• I was obliged to make a show of taking the hand he stretched across to me; and then, with very different emotions, I took the hand of the broken gentleman, his partner.
  • As to Miss Murdstone,’ for I had alluded to her in the letter, ’I respect that lady’s vigilance, and feel obliged to her; but she has strict charge to avoid the subject.
  • If so, it sharpened his appetite; for I distinctly call to mind that, although he had eaten a good deal of pork and greens at dinner, and had finished off with a fowl or two, he was obliged to have cold boiled bacon for tea, and disposed of a large quantity without any emotion.
  • How HE wears! and his wig too, for he’s had it these ten years — and he went on at that rate in the complimentary line, that I began to think I should be obliged to ring the bell.
  • What walks I took alone, down muddy lanes, in the bad winter weather, carrying that parlour, and Mr. and Miss Murdstone in it, everywhere: a monstrous load that I was obliged to bear, a daymare that there was no possibility of breaking in, a weight that brooded on my wits, and blunted them!
  • I listened to all this with attention; and though, I must say, I had my doubts whether the country was quite as much obliged to the Commons as Mr. Spenlow made out, I respectfully deferred to his opinion.
  • As no arguments I could urge, in my bewildered condition, had the least effect upon his modesty in inducing him to accept my bedroom, I was obliged to make the best arrangements I could, for his repose before the fire.
  • We strolled a long way, and loaded ourselves with things that we thought curious, and put some stranded starfish carefully back into the water — I hardly know enough of the race at this moment to be quite certain whether they had reason to feel obliged to us for doing so, or the reverse — and then made our way home to Mr. Peggotty’s dwelling.
  • He was got up with such care, and was so stiff, that he could hardly bend himself; being obliged, when he glanced at some papers on his desk, after sitting down in his chair, to move his whole body, from the bottom of his spine, like Punch.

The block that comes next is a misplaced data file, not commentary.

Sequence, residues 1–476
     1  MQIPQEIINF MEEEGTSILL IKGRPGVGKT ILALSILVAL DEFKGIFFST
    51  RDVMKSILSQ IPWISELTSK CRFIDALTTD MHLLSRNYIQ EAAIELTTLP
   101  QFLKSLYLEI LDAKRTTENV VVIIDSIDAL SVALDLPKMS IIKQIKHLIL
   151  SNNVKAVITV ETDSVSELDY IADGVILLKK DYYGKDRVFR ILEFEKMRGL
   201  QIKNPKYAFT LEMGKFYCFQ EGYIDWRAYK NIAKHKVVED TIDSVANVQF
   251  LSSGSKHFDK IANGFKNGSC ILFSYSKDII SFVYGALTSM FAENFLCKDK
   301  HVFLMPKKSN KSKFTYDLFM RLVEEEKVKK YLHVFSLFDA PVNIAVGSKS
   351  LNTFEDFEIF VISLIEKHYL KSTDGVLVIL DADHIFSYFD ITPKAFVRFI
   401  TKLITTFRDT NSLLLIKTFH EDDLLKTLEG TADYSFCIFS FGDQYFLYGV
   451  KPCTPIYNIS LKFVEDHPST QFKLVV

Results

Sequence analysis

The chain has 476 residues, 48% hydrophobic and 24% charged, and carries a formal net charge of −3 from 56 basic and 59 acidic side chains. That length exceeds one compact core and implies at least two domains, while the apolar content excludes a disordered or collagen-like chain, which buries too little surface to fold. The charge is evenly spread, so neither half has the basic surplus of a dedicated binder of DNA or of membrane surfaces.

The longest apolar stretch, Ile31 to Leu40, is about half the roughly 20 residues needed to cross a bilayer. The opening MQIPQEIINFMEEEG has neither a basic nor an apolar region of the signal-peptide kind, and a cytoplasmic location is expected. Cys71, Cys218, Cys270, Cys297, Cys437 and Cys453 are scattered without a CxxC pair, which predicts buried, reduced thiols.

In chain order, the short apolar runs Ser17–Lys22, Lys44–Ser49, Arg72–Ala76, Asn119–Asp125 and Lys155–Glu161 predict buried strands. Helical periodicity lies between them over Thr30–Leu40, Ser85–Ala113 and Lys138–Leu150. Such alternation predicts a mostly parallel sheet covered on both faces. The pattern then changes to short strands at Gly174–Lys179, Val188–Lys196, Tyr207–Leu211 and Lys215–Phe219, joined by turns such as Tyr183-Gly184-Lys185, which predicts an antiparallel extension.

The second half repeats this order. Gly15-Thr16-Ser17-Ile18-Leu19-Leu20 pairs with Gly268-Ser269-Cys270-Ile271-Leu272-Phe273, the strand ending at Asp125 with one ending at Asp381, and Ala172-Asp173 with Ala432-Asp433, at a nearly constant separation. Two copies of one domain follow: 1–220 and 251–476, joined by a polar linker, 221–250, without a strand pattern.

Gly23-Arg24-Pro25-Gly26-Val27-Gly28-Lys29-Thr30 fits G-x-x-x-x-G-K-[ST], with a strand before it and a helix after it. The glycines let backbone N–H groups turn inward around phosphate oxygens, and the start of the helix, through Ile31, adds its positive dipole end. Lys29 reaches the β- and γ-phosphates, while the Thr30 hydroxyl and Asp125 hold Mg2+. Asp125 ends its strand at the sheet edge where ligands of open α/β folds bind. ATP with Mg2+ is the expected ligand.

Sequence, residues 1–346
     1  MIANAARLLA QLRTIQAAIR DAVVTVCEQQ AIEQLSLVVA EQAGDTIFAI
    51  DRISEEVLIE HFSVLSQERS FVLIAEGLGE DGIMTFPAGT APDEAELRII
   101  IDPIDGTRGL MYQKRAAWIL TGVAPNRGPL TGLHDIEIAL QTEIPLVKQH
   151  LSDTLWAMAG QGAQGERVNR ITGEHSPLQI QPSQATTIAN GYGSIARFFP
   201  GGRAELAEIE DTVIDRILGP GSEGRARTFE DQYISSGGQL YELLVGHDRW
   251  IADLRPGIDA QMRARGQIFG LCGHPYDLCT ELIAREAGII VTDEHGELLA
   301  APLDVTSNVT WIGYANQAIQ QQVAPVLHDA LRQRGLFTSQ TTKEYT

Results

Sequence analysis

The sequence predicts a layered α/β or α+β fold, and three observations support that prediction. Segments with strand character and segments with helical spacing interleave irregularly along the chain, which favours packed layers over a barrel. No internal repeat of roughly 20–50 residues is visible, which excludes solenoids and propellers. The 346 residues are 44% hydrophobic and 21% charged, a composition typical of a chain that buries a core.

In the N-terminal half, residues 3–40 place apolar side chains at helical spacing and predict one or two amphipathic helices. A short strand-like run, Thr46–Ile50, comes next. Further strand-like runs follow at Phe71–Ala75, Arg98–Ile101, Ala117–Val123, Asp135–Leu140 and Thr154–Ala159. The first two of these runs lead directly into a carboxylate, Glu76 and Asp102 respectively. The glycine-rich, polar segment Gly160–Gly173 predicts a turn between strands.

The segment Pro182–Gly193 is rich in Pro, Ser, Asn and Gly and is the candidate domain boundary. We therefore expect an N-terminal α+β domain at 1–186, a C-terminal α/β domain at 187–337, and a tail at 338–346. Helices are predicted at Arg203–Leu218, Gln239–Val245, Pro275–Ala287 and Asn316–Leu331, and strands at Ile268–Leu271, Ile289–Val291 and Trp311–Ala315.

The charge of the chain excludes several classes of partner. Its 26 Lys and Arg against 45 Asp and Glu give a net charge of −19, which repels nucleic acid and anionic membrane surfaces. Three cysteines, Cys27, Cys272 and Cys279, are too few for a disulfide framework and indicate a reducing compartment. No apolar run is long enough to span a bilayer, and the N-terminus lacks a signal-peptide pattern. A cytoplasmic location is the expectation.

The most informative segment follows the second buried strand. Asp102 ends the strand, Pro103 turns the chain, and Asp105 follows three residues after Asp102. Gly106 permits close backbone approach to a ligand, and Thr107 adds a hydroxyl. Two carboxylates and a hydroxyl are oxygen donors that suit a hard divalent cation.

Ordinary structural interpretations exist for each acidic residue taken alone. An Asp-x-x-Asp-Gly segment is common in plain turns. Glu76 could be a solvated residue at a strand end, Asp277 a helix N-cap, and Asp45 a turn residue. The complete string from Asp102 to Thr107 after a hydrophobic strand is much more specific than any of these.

• I came out again, hotter and faster than ever, and dashed up to Highgate, at such a rate that I was there an hour too early; and, though I had not been, should have been obliged to stroll about to cool myself, before I was at all presentable.
  • They pretend that Sophy has a lock of it in her desk, and is obliged to shut it in a clasped book, to keep it down.
  • I was obliged to hurry away; I was kept out late; and I felt all night such pangs of remorse as made me miserable.
  • He was a tearful boy, and broke into such deplorable lamentations, when a cessation of our connexion was hinted at, that we were obliged to keep him.
  • ’My good sir,’ returned Mr. Micawber, ’you recall me, I am obliged to you.’
  • ’I am much obliged to you, sir,’ returned Mr. Littimer.
  • She held so tight to him, in fact, that the officers were obliged to take ’cause both together.
  • We had only one check to our pleasure, and that happened a little while before I took my leave, when, Miss Mills chancing to make some allusion to tomorrow morning, I unluckily let out that, being obliged to exert myself now, I got up at five o’clock.
  • I could have wished he had been less obliged to me, for he hovered about me in his gratitude all the rest of the evening; and whenever I said a word to Agnes, was sure, with his shadowless eyes and cadaverous face, to be looking gauntly down upon us from behind.
  • As he was obliged to leave early, on account of going away next morning for a month, I had not nearly so much conversation with him as I could have wished; but we exchanged addresses, and promised ourselves the pleasure of another meeting when he should come back to town.